KBB Collective | The Designers' Corner

Jun 26 2018

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Inclusive Design: Bathrooms


We have clients who are preparing their homes for every stage of life. From aging parents moving back in, to families with young children, today’s homes are being designed to serve multiple generations, personal lifestyles and physical abilities. So how do we design bathrooms to meet the needs of all people? The answer is inclusive design!

As a Certified Living in Place Professional (CLIPP), I believe inclusive design has the ability to be safe, accessible AND beautiful! Just because its function is to make life more manageable for those who are accessibly challenged doesn’t mean it can’t be eye-catching, sophisticated and chic. Remember, incorporating inclusive design features into your client’s new bathroom guarantees access to everyone and will save you money in the long run.

Some of my favorite ways to apply inclusive design within the context of bathrooms include:

– Towel bars arranged in a series offer a fun design solution that allows users of all heights to access.

– An under-mount tub with a generous deck serves nicely as a transfer surface to get in and out of the unit without sacrificing aesthetics.

– Threshold-free showers are easily installed by an experienced contractor and, once in, provide a beautiful, seamless look that can make a small bathroom appear larger.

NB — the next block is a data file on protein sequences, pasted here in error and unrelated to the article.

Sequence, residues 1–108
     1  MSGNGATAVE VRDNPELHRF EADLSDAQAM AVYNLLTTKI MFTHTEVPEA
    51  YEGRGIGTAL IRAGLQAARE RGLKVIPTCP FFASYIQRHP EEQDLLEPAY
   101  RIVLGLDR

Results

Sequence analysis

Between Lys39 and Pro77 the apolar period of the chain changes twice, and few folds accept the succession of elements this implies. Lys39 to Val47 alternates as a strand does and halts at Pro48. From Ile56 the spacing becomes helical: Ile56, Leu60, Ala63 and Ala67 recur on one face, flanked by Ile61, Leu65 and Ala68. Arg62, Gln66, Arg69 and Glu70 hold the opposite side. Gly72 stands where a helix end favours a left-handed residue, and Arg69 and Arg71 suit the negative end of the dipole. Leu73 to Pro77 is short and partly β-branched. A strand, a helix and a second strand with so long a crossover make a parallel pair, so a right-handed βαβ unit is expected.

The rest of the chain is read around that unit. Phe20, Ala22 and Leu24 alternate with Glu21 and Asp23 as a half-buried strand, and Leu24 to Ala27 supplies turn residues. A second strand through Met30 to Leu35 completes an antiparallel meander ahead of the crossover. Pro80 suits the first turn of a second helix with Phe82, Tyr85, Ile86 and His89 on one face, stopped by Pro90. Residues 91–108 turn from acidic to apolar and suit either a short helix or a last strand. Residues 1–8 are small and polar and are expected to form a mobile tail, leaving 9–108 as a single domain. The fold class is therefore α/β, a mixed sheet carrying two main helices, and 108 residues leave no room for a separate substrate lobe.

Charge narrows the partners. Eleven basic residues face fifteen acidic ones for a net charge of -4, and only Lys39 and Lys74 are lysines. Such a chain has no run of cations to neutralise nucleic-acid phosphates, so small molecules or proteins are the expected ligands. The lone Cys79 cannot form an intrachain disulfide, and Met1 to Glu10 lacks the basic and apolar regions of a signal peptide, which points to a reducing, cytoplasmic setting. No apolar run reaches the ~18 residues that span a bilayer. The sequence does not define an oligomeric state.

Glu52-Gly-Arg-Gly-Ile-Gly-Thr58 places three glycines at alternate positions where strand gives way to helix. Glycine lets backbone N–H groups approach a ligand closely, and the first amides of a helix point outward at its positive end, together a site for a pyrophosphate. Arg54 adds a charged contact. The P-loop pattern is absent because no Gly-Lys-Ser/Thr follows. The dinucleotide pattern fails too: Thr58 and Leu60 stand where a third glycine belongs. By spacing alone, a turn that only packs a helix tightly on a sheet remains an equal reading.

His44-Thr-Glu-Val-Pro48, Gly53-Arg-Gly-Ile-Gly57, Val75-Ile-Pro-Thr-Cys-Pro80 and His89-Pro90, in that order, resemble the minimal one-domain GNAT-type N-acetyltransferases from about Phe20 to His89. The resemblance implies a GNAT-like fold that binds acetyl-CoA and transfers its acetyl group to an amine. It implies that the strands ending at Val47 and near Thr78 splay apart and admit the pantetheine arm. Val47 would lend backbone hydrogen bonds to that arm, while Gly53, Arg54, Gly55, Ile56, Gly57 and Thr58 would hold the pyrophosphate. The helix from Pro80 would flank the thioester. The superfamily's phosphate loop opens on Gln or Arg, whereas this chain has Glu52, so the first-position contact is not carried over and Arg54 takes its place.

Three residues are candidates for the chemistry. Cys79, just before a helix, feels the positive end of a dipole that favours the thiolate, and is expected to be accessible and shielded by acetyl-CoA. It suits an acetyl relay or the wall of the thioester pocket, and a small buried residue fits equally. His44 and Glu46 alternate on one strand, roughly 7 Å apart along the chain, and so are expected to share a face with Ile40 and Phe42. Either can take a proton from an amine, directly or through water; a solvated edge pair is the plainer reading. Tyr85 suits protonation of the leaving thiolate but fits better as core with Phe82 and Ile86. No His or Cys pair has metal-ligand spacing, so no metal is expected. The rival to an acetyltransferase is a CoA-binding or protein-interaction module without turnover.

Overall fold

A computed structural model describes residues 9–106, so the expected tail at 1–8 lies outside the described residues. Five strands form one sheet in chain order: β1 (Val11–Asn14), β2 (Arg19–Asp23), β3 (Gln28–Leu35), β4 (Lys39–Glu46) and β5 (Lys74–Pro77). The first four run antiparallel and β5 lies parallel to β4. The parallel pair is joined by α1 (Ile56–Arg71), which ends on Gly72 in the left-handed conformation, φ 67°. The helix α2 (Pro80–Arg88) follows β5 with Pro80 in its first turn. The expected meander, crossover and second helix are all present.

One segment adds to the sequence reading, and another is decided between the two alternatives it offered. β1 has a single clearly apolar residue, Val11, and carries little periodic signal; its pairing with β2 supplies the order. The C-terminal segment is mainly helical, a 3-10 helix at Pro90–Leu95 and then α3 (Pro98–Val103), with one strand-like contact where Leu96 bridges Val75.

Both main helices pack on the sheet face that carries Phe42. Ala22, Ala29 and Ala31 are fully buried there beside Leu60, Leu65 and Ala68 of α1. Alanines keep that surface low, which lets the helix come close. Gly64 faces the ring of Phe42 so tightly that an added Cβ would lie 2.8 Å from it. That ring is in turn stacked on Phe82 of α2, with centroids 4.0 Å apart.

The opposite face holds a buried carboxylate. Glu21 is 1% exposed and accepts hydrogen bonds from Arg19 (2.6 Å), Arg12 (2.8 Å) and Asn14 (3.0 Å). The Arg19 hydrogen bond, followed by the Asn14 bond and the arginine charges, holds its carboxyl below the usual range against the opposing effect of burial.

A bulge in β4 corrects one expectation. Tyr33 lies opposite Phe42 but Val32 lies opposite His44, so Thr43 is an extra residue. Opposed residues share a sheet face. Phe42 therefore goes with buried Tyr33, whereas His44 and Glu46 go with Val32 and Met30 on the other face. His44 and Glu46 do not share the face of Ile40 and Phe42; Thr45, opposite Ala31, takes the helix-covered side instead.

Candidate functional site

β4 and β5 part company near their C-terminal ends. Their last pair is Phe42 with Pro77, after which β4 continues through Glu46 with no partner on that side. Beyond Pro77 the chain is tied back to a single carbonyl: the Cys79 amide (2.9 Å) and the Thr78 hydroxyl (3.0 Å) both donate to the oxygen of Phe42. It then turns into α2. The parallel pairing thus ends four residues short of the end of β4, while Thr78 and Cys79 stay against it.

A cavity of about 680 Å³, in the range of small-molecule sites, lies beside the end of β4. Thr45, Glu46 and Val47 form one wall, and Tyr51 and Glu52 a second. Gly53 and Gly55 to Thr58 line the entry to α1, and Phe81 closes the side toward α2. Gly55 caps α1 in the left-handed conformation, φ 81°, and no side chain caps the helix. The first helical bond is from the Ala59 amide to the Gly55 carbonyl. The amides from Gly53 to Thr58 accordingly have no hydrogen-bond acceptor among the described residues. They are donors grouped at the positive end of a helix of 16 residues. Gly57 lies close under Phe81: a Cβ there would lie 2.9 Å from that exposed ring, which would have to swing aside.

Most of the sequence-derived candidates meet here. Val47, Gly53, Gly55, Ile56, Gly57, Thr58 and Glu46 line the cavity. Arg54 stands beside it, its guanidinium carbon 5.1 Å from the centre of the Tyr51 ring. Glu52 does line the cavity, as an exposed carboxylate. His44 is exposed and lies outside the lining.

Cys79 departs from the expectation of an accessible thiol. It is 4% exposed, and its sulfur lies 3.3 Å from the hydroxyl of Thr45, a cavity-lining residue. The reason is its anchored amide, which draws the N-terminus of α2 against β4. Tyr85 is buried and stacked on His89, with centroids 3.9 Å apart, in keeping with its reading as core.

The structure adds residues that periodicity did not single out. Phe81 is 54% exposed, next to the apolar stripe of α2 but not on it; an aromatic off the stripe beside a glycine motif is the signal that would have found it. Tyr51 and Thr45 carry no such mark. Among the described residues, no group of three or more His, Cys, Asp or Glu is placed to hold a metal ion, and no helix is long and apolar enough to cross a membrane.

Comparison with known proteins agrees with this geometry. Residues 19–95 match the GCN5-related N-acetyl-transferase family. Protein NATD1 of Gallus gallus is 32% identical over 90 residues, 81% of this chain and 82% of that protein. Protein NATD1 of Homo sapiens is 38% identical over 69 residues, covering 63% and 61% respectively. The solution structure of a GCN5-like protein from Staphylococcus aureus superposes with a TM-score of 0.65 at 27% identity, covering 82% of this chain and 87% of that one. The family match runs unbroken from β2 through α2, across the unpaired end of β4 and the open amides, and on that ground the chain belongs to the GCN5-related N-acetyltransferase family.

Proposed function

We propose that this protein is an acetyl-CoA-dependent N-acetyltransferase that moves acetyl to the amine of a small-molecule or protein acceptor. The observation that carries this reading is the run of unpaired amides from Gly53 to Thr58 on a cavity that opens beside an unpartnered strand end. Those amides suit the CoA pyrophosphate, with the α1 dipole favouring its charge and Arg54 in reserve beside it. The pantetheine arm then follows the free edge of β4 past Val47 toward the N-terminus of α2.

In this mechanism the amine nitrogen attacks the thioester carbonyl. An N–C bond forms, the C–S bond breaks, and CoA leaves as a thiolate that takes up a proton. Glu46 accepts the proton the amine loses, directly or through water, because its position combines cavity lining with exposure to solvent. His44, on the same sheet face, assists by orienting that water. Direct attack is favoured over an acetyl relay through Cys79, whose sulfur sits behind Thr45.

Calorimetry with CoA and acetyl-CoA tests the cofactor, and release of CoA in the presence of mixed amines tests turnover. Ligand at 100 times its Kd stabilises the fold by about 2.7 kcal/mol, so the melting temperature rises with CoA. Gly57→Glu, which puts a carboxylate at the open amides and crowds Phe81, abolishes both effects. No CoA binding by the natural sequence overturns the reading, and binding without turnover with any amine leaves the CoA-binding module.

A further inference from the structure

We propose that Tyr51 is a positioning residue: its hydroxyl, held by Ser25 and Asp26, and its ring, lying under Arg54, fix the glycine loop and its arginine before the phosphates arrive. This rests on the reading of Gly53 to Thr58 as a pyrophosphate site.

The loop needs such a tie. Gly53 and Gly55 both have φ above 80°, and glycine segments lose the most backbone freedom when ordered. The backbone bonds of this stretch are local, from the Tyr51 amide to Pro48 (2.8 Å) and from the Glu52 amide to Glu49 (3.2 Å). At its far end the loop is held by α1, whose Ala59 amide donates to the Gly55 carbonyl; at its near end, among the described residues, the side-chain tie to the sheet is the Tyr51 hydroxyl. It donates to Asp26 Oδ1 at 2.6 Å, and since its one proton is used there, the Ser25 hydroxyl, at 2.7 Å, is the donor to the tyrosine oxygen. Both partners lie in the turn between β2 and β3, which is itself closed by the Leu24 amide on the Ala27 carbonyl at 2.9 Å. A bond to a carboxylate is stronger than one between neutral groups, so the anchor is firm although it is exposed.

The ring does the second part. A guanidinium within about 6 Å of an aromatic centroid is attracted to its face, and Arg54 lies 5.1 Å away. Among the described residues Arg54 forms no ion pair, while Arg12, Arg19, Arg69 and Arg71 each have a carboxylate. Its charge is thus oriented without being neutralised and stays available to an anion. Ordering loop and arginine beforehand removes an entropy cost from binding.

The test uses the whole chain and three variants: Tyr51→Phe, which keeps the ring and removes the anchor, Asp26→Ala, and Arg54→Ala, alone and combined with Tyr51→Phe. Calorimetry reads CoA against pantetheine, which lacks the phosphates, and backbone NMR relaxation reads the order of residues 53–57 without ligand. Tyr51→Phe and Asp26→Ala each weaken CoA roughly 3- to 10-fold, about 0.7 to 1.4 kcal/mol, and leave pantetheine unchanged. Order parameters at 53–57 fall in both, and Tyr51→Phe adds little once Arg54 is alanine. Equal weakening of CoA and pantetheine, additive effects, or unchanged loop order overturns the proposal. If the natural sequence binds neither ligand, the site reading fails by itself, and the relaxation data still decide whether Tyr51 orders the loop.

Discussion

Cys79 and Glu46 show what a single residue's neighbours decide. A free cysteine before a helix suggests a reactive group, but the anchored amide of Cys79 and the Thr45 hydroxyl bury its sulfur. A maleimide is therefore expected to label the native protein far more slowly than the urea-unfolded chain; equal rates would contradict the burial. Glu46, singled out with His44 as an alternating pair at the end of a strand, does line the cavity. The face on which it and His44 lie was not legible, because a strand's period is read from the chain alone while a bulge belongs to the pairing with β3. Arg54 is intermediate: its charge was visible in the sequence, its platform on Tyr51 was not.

– Hand-held showers allow users of all heights, ages and physical abilities to shower at their most comfortable level.

–Vanity nightlights built into the cabinetry create a safer space by increasing nighttime visibility. Lighting can be integrated with mirrors and medicine cabinets too.

– Bold pops of color can be used to make inclusive design more whimsical and fun. It also helps the user better assess depth of field.

– Grab bars and other safety features are becoming more attractive all the time. Consider integrating those near the entryway, toilet and shower.

– Contrasting tiles at horizontal sight line level enhance visual clarity and increase balance.

– Anti-slip floor materials come in all different shapes and sizes. Textured and rough-finished surfaces in tile and stone are naturally slip-resistant and look beautiful.

– Clearance is key. Where space allows, aim for a 36-in. clearance from sink to toilet to shower.

This entry was posted on Tuesday, June 26th, 2018 at 5:46 PM and is filed under Bath Design, Inspiration, Universal Design. You can follow any responses to this entry through the RSS 2.0 feed. You can leave a response, or trackback from your own site.

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